Should High Schools Bar Average Students From College-Level Courses and Tests?
Fifteen years ago, when I discovered that many good high schools prevented average students from taking demanding courses, I thought it was a fluke, a mistake that would soon be rectified.
I had spent much time inside schools that did the opposite. They worked hard to persuade students to take challenging classes and tests, such as Advanced Placement, International Baccalaureate and Cambridge, so students would be ready for the shock of their first semester at college, which most average students attend. The results were good. Why didn't all schools do that?
I still don't have a satisfactory answer. It always comes up this time of year because of my annual rankings of public high schools for Newsweek, which is based on schools' efforts to challenge average kids as measured by participation in AP, IB and Cambridge tests.
Many school superintendents and principals who run schools that restrict access to those college-level courses and tests have disappointing results on the Newsweek list. Some of them object to my methodology. It is clear from my conversations with them that they are smart and compassionate people.
But after seeing what has happened in the Washington area, where all rules barring admission to challenging courses have been removed, I think the dissenters are wrong and should take a look at what educators are doing here.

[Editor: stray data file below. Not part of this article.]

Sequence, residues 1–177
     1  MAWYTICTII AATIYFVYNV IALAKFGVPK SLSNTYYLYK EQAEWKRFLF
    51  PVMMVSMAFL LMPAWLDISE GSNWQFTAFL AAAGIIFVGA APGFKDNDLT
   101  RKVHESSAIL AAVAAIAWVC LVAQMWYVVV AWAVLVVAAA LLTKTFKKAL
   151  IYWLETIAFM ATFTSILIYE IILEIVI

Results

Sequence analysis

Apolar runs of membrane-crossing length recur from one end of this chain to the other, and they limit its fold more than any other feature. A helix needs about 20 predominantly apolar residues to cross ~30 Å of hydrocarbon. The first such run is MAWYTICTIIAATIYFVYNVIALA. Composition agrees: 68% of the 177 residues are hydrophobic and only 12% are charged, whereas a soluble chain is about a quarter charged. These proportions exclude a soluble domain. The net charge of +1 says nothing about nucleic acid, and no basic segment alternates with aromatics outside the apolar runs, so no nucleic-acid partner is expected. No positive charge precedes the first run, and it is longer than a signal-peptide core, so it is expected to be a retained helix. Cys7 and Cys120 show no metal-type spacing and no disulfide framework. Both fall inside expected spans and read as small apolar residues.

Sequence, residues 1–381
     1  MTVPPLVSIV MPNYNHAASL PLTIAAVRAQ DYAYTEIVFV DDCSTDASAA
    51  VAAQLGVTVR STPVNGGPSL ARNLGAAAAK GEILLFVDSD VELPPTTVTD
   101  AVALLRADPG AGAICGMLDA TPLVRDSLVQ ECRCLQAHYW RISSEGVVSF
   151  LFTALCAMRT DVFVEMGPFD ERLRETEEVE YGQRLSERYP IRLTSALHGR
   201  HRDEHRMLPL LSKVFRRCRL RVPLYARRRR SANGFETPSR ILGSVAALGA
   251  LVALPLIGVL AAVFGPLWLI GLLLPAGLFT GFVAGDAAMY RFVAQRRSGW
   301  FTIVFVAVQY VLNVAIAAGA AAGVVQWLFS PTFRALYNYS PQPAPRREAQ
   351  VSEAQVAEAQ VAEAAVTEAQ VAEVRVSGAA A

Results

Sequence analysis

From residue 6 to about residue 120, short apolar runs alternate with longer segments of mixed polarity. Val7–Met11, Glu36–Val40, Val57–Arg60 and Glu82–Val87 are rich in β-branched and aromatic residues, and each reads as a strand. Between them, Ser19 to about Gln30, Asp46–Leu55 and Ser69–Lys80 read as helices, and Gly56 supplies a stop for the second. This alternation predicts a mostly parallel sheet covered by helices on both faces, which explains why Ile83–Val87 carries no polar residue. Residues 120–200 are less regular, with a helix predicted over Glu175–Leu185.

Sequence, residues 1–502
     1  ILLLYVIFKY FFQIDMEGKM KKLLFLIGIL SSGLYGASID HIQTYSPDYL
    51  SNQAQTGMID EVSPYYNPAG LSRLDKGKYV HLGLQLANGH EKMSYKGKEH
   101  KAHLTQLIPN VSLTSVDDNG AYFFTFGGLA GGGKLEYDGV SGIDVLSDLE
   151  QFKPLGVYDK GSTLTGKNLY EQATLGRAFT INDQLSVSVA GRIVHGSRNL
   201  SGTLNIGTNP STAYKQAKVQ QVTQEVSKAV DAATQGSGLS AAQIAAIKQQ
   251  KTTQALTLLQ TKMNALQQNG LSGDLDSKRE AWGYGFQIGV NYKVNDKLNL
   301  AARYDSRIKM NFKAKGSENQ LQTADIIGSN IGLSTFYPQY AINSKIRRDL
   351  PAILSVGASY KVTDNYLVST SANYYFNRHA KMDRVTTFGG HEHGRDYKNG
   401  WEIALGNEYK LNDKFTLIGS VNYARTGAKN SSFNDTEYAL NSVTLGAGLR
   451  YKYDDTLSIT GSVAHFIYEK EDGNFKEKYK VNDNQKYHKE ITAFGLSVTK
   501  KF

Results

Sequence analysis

In 2008, Newsweek received a letter from the superintendents of 39 small districts in New York, New Jersey, Connecticut, Illinois and Massachusetts, declining to provide data for their schools. If Newsweek already had the numbers, they asked that the statistics not be used.
"We all believe that all schools, communities -- and your readers -- are poorly served by Newsweek's persistent efforts to use a single statistic, the number of students who sit for AP or IB exams, to rank schools," they said.
This year, the protest was smaller and less organized, but I received some e-mails making the same point. Howard S. Smith, superintendent of the Williamsville Central School District in New York, said the Newsweek list had "limitations with respect to the assessment of school quality and reflect only a portion of what we do."
Tony Pavia, principal of New Canaan High School in Connecticut, said "judging a school based on one simple factor such as AP tests makes absolutely no sense, especially since it implies that anything other than AP students, AP classes and AP tests is essentially irrelevant to a school's quality."
Both last year and this year, I contacted the protesting superintendents and principals and asked them to treat our request for their data as a freedom of information submission. They were all professionals, just trying to make a point, and quickly agreed to send me their numbers.
In return, I promised to publish their objections to the list and keep alive what I consider a very useful argument.
The lists' critics are right about its narrow scope. Schools are rated by just one number: the ratio of college-level tests taken each year to the number of seniors graduating each year. As I have said many times, that narrow simplicity is useful for readers because they can understand exactly what I am doing, calculate their own ratios for any schools outside this area, and argue with their friends and me about the result.